发布时间：2020-05-29 16:46:26 广东自考生网_www.gdzikao8.com
1.International conditions for growth in developing countries deteriorated in 1991. The Seven major industrial countries （the G-7） experienced a significant slowdown in GDP growth-from 2.8 percent in 1990 to 1.9 percent during 1991 as recession gripped Canada， the United Kingdom， and the United States and growth rates slowed in Continental Europe and Japan. In important respects. The slowdown was different from those that occurred during the 1970s and 1980s. Rather than reflecting the effect of disinflationary policies， weakness in demand was more closely related to the loss of momentum that had built up during the long period of expansion that began in 1983. In addition， a common factor underlying the slowdown in many industrial countries was the cyclical deceleration in investment spending.
2.Although the weakness in demand in the United States led to a sharp decline in short-term dollar interest rates—a positive development for many developing countries—it also contributed to a drop of over 6 percent in nominal commodity prices and to a slackening， to 3 percent， in the growth of world trade. These trends were compounded by worsening economic conditions in the soviet Union and its successor states， where a growing shortage of foreign exchange led to a compression of import from Eastern Europe and an acceleration of certain commodity exports to earn hard currencies.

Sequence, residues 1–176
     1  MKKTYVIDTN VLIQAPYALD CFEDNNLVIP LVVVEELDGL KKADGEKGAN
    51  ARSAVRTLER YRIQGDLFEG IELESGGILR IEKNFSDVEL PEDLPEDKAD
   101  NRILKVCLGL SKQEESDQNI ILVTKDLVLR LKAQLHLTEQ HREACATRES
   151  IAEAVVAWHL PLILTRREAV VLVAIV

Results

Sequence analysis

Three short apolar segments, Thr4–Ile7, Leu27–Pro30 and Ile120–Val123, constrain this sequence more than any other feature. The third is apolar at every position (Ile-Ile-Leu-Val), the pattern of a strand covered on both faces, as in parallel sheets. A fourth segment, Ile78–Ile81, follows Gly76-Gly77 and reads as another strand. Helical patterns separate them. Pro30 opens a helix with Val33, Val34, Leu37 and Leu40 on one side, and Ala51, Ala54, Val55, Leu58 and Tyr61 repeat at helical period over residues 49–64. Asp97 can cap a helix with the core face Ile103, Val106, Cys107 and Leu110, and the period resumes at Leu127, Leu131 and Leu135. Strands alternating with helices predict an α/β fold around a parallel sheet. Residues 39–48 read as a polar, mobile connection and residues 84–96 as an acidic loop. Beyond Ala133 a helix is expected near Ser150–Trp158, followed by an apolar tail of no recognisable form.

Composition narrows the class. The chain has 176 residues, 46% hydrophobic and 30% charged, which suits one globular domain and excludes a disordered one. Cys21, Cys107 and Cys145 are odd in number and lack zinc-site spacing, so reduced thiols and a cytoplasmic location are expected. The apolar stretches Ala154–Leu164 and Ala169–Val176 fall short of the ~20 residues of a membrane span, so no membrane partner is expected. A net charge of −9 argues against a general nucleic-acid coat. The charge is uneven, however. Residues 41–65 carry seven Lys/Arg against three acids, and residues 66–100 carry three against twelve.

3.Financial stress brought on by excessive debt in the household and corporate sectors was an example of another kind of structural problem， in particular for the economies of Japan and the United States. Financial institutions in these two countries adopted more conservative lending policies， curtailing financing of higher-risk projects such as commercial construction and highly leveraged corporate transaction. A number of weaker institutions were also consolicated through bankruptcy， merger and reorganization.
4.The major risk facing this highly trade-oriented region is the potential for sluggishness or disruption in world-trade flows. Economic weakness in some of the region's traditional export markets has underlined the importance of market diversification， including a further strengthening of ties within the region. Increasingly buoyant intraregional trade in East Asia may be viewed as evidence of an ongoing process of “market-oriented” regional integration， a development that could partially offset lackluster progress in the area of multilateral trade agreements.